Anyway, the moral of this story is, the beans were not mushy nor mealy and not a single one was left at the bottom of the bowl. I only wish I had crusty bread worthy of it.

Take note: Cantaloupe just moved up a notch on The List.

lima bean.jpg
 
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deb-in-mi

Well-known member
Oh how I detested lima beans (most any bean unless it was sugary baked beans) as a child. Now I find them absolutely divine! So creamy! Soup looks yummy!!!
 

charley2

Well-known member
Since I'm bored with baking pastries I've been reviewing vegetarian and vegan cookbooks from the library. I'm gonna state right here and now that vegans get my utter respect because it is damn hard to make something without using 90% of the ingredients you grew up with. Meat is an easy one for me to eliminate when trying a recipe. It's the dairy--the milk and the heavy cream and the half/half and the butter and yogurt and cheeses (cream, parmesan, gruyere, feta, romano, sour, boursin, cheddar, monterey jack, pepper jack, paneer--and those are just the ones in my bin right now) that I am struggling with. Struggling and failing. Oh yes...absolutely failing.

So anyway, I have this book "The Weekday Vegetarian" by Jenny Rosenstrach. Here's her blog: Dinner: A Love Story Recipe Index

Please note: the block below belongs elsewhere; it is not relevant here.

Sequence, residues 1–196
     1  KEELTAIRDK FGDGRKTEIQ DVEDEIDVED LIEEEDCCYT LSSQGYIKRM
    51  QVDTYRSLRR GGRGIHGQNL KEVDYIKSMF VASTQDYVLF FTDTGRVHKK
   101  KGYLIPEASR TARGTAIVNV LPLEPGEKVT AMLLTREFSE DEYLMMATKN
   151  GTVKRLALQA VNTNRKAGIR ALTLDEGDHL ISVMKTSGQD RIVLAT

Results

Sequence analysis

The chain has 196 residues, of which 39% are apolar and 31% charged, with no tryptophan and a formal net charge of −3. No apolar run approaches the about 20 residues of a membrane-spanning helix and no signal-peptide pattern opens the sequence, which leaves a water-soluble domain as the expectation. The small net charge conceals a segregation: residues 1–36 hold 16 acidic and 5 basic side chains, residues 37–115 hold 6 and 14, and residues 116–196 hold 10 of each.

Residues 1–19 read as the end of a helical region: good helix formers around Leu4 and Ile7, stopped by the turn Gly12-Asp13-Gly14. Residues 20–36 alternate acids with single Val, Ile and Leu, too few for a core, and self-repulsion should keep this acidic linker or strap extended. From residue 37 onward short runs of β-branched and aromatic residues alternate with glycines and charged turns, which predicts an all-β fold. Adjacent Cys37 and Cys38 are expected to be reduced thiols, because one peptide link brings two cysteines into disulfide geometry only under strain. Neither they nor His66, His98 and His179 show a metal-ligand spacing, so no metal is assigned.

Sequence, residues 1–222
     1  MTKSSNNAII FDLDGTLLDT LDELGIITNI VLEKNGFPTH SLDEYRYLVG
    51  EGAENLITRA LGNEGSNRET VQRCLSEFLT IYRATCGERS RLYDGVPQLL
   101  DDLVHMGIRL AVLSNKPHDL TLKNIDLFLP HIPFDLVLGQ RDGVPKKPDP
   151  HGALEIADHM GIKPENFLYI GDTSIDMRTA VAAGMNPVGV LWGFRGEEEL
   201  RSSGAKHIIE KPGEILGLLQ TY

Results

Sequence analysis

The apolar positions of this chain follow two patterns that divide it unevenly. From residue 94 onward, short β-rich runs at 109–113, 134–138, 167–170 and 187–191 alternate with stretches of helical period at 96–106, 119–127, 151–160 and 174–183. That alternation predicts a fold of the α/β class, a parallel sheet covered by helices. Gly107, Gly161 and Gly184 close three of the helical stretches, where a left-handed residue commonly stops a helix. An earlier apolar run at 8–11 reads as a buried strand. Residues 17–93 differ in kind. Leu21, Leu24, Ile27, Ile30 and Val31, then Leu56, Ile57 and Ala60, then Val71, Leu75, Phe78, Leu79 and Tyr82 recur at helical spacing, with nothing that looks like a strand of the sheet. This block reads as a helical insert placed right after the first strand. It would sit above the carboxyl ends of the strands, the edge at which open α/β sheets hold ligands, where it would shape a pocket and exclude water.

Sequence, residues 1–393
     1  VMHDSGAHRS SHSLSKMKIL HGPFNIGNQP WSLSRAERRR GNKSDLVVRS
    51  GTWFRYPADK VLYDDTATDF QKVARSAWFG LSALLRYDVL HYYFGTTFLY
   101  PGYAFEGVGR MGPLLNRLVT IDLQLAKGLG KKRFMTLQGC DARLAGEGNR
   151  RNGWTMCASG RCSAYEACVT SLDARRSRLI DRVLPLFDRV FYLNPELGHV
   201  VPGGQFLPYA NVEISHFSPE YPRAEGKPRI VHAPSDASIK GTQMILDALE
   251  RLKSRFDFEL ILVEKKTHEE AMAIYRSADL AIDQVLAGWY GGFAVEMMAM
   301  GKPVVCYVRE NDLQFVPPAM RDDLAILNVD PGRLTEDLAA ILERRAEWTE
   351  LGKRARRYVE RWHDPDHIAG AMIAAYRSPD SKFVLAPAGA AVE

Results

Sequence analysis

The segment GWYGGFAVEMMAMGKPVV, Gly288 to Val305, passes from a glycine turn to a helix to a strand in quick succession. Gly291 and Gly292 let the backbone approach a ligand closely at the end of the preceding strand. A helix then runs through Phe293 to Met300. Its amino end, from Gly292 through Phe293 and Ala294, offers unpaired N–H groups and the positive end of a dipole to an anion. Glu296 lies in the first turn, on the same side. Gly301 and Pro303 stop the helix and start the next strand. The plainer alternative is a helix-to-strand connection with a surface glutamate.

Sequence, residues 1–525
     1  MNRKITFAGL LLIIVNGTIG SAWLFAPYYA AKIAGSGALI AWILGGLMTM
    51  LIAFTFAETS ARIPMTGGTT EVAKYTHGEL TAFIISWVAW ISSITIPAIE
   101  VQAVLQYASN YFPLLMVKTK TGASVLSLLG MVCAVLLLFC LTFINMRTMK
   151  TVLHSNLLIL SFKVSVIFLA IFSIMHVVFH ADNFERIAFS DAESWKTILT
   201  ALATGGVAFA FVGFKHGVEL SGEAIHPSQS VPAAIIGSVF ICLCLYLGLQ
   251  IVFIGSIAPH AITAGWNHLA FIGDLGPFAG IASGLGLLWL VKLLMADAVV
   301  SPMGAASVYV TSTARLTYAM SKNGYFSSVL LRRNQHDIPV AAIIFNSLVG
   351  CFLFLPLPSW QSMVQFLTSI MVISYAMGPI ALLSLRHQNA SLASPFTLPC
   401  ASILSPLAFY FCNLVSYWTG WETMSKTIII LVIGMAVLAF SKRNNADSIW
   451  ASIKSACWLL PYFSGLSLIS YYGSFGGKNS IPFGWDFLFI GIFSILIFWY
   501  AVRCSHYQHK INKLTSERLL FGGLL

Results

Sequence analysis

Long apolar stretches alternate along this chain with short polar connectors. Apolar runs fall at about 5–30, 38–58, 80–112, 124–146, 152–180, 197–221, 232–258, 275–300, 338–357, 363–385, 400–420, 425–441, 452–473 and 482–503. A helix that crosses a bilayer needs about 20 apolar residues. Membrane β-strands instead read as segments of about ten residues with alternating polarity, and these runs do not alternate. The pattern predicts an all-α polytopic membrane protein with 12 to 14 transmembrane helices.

This latest book was her attempt to get the family (hubby and two teen-age daughters) to go vegetarian just during the week. Weekends were back to normal family meat-based favorites. And this lima bean recipe was a test for me. See, like the FBI, I have a "most hated" list that developed as a child and has continued throughout my life, gradually winnowing down as my taste buds matured or food began tasting less...less.

Lima beans were in the top five. You could always find my empty bowl at our table of 8 when Campbell's vegetable soup was served because it had the stray lima bean, stranded and abandoned at the bottom. But Jenny bragged about this simple soup; it's also on the cover and I actually went looking for the recipe, not realizing the star attraction was my arch nemesis.

So I decided to put this life-long hatred to a test. The recipe is simplicity itself. Soak then cook beans with salt and oil until soft, then add other stuff. Jenny recommended heirloom baby lima beans but I located dried baby lima beans and that was good enough for a test. She also said she wasn't including the option to use canned lima beans because the broth is key for the taste.

She was right.

Cantaloupe just moved up a notch on The List.

1 lb dried lima beans
1/2 medium onion, chopped coarsely
1 TBL kosher salt
1/4 C EV olive oil
1 dried bay leaf

To serve:
leaves from fresh thyme
1 TBL fresh lemon juice
pesto (optional)
parmesan (optional)
more olive oil for drizzle